Sunset Park Stops Industry City Rezoning Scheme

After intense public resistance from the Sunset Park community, Industry City CEO Andrew Kimball announced Sept. 22 that he was dropping his application to have the city rezone the 35-acre industrial complex on the Brooklyn waterfront.

The $1 billion project was the largest private rezoning application in the city’s history. It would have added more than 3 million square feet of commercial real estate and converted former warehouses and lofts to office, retail, and academic space. Industry City leaders, who first proposed the rezoning in March 2015, have said they do not intend to refile.
Opponents said the rezoning would have accelerated gentrification in the largely Latino Sunset Park neighborhood and not brought the jobs the developers promised. City Councilmember Carlos Menchaca, who represents the waterfront area from Sunset Park to Red Hook, had announced his opposition in July.

The final blow came earlier in the day on Sept. 22, when several Brooklyn elected officials—among them four of the six House members representing the borough, including Nydia Velazquez and Hakeem Jeffries; state Senators Zellnor Myrie and Julia Salazar; and Assemblymembers Jo Anne Simon and Diana Richardson—sent a letter telling the Council that the rezoning would exacerbate displacement of renters and eliminate one of the city’s few remaining manufacturing hubs.

“Industry City does not need a rezoning to bring jobs,” they said. Given the pandemic, they added, “it is even more important now that we give our constituents more, not less influence in how we rebuild and restore their lives and livelihoods.”

The Protect Sunset Park group, which collected more than 3,500 signatures on a petition against the rezoning, proclaimed a victory “against racist city planning” that was “truly a feat of everyday people power.”

Kimball blamed “the current political environment and a lack of leadership.” There had been a few rumblings that the City Council might try to override Menchaca’s opposition, abandoning the usual practice of deferring to the local member on developments in their district, but they never gelled.

The fight over the Industry City rezoning was also about community control of local spaces. Local activists and elected officials did not believe that they had been given adequate time to review the plan and decide whether it deserved approval.

Many saw the proposed rezoning as emblematic of broader demographic shifts in Brooklyn over the past several decades, with space previously devoted to manufacturing earmarked for more restaurants and big-box and luxury retail. Sunset Park organizations like UPROSE, a largely Latino environmental organization that promotes sustainability and community resilience, argued that it would be the gentrification of a working-class space, inevitably leading to higher rents and more displacement of longtime residents.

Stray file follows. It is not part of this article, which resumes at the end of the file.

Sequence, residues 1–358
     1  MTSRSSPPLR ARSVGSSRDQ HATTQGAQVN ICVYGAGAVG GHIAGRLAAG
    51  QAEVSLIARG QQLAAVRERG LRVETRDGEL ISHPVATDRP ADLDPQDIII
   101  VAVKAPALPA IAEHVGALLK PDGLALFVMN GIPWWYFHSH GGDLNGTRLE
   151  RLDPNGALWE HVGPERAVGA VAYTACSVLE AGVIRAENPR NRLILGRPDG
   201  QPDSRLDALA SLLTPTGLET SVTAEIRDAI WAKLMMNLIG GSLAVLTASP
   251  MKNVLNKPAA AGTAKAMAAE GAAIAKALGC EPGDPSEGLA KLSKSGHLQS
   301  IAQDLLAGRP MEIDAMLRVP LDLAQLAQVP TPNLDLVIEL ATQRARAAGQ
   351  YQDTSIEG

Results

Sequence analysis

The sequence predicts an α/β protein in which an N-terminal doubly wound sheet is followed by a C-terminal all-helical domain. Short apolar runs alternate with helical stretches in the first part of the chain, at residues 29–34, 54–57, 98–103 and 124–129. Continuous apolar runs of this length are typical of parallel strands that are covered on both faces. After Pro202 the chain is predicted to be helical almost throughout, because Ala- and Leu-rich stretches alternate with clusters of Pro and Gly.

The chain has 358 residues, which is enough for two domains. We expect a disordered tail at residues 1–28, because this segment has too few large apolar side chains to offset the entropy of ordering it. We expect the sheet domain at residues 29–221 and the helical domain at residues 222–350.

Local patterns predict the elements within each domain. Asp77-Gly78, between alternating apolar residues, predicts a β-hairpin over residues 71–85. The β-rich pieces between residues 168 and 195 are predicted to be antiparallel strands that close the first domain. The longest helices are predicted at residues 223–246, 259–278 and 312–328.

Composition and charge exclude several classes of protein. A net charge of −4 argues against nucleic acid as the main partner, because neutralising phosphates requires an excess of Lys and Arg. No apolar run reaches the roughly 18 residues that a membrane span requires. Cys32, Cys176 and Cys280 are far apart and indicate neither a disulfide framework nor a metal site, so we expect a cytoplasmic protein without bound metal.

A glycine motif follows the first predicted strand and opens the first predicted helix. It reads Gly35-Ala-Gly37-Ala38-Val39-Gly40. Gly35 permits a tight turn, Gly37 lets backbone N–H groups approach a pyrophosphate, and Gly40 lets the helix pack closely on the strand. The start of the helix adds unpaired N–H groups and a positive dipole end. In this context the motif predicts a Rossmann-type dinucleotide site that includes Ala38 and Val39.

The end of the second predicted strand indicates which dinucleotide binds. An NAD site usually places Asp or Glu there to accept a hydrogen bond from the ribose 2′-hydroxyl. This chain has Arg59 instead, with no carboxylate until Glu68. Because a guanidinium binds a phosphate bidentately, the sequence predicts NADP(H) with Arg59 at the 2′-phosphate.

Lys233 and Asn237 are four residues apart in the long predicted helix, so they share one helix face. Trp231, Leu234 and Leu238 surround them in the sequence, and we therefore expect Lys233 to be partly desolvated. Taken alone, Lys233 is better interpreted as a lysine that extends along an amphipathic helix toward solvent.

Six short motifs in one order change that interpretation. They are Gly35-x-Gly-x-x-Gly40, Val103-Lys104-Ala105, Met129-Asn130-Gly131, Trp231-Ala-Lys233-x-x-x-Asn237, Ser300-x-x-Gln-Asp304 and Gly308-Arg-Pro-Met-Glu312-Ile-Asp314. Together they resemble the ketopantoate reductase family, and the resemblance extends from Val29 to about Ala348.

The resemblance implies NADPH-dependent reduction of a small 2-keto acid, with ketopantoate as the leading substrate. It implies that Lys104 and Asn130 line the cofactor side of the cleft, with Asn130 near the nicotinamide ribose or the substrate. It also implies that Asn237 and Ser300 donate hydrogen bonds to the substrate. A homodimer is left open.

The developers promised that the rezoning would bring thousands of jobs, but community leaders argued that those would be mostly low-wage service jobs in retail and restaurants, unlike the manufacturing work that once filled the space and paid a living wage.

This is not the first time Sunset Park activists have won a fight against proposed changes to the makeup of Industry City. In 1993, residents blocked the city government’s plans to build a sludge-disposal plant on the site, successfully arguing environmental and economic concerns. But they failed to stop the federal government from building the Metropolitan Detention Center prison, which opened there in 1993.

UPROSE has long advocated that the Industry City site be developed to emphasize “green manufacturing.” The group’s “The Grid” plan envisions “26,000 well-paid climate jobs in renewable energy, energy efficiency, construction, and sustainable manufacturing,” and using the industrial sector “as the economic engine to build for climate adaptation and mitigation.”

“[It] will realize tens of thousands of clean energy jobs, and these jobs are all part of building and moving our economy away from an economy dependent on fossil fuels,” UPROSE energy democracy coordinator Summer Sandoval told the Brooklyn Paper in late September.

César Zúñiga, chair of Sunset Park’s Community Board 7, said that the city needs to develop a unified plan for all of west Brooklyn’s industrial waterfront. “Instead of talking about these one-off projects, let’s talk about how to do this more comprehensively and in a more systematic way,” he told the Brooklyn Paper.